Disorderly Houses Act, 1751

Unlicens’d places of publick entertainment deemed disorderly houses.

Constables may enter and seize all persons found therein.

Persons keeping the same to forfeit £100.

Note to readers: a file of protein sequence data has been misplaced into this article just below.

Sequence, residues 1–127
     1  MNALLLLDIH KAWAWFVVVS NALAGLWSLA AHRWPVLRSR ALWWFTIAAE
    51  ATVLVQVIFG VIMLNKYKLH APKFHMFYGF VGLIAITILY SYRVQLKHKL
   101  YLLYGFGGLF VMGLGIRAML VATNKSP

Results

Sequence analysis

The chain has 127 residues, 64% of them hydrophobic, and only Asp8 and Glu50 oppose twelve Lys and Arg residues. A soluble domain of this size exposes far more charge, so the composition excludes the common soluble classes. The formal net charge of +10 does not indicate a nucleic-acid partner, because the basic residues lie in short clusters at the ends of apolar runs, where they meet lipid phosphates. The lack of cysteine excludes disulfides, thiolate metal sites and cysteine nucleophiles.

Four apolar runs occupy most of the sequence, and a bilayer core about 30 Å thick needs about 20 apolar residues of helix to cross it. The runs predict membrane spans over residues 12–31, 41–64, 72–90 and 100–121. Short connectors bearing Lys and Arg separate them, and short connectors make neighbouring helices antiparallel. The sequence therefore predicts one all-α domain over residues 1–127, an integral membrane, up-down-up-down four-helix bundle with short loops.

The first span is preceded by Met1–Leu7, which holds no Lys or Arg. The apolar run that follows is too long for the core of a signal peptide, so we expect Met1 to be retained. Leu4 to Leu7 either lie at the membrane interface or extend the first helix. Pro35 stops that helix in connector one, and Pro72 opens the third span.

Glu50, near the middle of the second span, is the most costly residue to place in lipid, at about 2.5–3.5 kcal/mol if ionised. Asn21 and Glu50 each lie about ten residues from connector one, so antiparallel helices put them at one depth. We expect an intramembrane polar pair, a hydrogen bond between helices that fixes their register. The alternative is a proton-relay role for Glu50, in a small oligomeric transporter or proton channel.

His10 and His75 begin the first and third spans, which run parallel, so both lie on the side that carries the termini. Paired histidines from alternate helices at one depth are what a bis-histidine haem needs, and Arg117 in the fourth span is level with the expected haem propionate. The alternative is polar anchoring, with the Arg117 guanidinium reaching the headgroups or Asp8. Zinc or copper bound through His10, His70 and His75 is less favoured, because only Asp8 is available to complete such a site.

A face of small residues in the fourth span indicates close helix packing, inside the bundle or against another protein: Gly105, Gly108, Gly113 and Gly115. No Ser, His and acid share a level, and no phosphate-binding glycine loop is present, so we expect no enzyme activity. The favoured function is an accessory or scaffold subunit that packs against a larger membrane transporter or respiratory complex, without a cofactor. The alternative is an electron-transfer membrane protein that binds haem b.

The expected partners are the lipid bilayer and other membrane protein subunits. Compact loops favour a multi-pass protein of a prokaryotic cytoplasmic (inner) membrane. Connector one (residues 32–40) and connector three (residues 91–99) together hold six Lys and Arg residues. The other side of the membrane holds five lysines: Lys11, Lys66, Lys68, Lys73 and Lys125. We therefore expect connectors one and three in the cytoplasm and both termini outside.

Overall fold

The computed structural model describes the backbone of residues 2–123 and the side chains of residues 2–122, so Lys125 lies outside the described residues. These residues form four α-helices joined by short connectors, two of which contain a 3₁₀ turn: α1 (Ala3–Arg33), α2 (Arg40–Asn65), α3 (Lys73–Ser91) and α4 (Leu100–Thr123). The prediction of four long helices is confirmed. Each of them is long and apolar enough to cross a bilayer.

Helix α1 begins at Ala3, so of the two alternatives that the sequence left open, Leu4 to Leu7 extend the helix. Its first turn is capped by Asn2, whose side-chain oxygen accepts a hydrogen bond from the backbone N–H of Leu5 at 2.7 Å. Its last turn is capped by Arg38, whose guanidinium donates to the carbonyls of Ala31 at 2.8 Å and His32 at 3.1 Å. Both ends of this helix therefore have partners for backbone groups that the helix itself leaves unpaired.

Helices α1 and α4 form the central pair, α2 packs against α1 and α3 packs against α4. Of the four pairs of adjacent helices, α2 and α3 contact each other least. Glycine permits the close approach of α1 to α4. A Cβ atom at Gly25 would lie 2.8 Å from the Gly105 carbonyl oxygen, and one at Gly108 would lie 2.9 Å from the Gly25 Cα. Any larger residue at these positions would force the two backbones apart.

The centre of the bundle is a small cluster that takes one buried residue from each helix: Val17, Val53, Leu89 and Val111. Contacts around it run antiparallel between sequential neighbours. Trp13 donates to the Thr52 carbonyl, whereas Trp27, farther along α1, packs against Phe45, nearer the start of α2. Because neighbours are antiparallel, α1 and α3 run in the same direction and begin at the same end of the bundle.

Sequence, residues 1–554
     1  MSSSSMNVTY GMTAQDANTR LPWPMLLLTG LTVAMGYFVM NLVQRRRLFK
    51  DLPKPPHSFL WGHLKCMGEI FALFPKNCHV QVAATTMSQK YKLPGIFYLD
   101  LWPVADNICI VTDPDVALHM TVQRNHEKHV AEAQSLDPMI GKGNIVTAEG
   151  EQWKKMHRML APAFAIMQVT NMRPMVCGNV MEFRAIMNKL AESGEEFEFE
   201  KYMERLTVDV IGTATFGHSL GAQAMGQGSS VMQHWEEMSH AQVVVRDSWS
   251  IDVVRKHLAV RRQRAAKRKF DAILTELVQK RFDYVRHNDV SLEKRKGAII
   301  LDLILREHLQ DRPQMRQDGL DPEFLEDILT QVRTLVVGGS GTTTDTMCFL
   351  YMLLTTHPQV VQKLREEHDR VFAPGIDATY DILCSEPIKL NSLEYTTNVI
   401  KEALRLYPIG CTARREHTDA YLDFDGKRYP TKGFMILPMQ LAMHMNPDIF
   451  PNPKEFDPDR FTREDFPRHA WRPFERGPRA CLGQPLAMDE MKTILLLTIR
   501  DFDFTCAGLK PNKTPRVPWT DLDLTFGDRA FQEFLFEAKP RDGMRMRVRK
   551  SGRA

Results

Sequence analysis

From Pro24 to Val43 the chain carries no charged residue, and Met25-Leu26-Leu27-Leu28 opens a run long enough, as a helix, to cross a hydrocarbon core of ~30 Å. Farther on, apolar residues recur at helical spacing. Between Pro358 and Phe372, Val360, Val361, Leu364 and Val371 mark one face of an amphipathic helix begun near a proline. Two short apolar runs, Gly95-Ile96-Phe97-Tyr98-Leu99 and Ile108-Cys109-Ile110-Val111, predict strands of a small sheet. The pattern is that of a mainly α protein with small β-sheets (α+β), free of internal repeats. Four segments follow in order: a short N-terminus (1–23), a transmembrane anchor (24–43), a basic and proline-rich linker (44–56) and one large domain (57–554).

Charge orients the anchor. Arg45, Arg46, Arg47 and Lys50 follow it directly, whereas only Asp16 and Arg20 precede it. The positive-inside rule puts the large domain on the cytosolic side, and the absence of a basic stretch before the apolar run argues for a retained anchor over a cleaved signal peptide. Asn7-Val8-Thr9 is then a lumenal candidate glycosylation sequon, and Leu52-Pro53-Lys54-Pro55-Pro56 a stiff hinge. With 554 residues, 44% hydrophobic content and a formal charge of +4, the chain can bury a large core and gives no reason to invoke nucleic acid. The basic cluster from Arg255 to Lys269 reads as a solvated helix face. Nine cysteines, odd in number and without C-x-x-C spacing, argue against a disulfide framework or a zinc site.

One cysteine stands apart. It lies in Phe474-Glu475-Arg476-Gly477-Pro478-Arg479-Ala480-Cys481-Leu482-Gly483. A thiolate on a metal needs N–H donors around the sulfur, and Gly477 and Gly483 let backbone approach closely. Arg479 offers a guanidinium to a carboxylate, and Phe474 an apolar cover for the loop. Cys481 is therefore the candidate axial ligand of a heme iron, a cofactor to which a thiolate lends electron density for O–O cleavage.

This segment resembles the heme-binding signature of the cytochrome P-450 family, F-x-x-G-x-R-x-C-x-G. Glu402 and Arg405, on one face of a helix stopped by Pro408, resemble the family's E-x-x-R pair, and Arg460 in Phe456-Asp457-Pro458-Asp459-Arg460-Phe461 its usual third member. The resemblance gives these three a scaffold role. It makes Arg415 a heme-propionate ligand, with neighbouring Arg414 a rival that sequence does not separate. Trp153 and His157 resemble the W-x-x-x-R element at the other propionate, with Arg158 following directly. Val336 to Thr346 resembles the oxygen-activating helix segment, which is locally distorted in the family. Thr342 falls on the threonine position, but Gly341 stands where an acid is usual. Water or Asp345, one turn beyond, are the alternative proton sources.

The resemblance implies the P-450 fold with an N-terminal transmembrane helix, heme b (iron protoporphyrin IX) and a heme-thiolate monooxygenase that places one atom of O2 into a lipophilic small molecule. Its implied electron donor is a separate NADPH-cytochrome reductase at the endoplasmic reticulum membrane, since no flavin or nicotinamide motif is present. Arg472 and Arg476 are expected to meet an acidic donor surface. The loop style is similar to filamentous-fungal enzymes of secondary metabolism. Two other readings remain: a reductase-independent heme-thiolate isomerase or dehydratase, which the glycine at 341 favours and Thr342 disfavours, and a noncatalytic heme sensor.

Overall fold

2. And whereas the multitude of places of entertainment for the lower sort of people is another great cause of thefts and robberies, as they are thereby tempted to spend their small substance in riotous pleasures, and in consequence are put on unlawful methods of supplying their wants and renewing their pleasures: In order, therefore, to prevent the said temptation to thefts and robberies, and to correct as far as may be the habit of idleness which is become too general over the whole kingdom, and is productive of much mischief and inconvenience, be it enacted by the authority aforesaid, that from and after the first day of December one thousand seven hundred and fifty-two, any house, room, garden, or other place kept for publick dancing, music, or other publick entertainment of the like kind, in the cities of London and Westminster, or within twenty miles thereof, without a licence had for that purpose from the last preceding Michaelmas quarter sessions of the peace to be holden for the county, city, riding, liberty, or division in which such house, room, garden, or other place is situate, (who are hereby authorized and impowered to grant such licences as they in their discretion shall think proper,) signified under the hands and seals of four or more of the justices there assembled, shall be deemed a disorderly house or place; and every such licence shall be signed and sealed by the said justices in open court, and afterwards be publickly read by the clerk of the peace, together with the names of the justices subscribing the same; and no such licence shall be granted at any adjourned sessions, nor shall any fee or reward be taken for any such licence; and it shall and may be lawful to and for any constable or other person, being thereunto authorized by warrant under the hand and seal of one or more of his Majesty's justices of the peace of the county, city, riding, division, or liberty where such house or place shall be situate, to enter such house or place, and to seize every person who shall be found therein, in order that they may be dealt with according to law; and every person keeping such house, room, garden, or other place, without such licence as aforesaid, shall forfeit the sum of one hundred pounds to such person as will sue for the same, and be otherwise punishable as the law directs in cases of disorderly houses.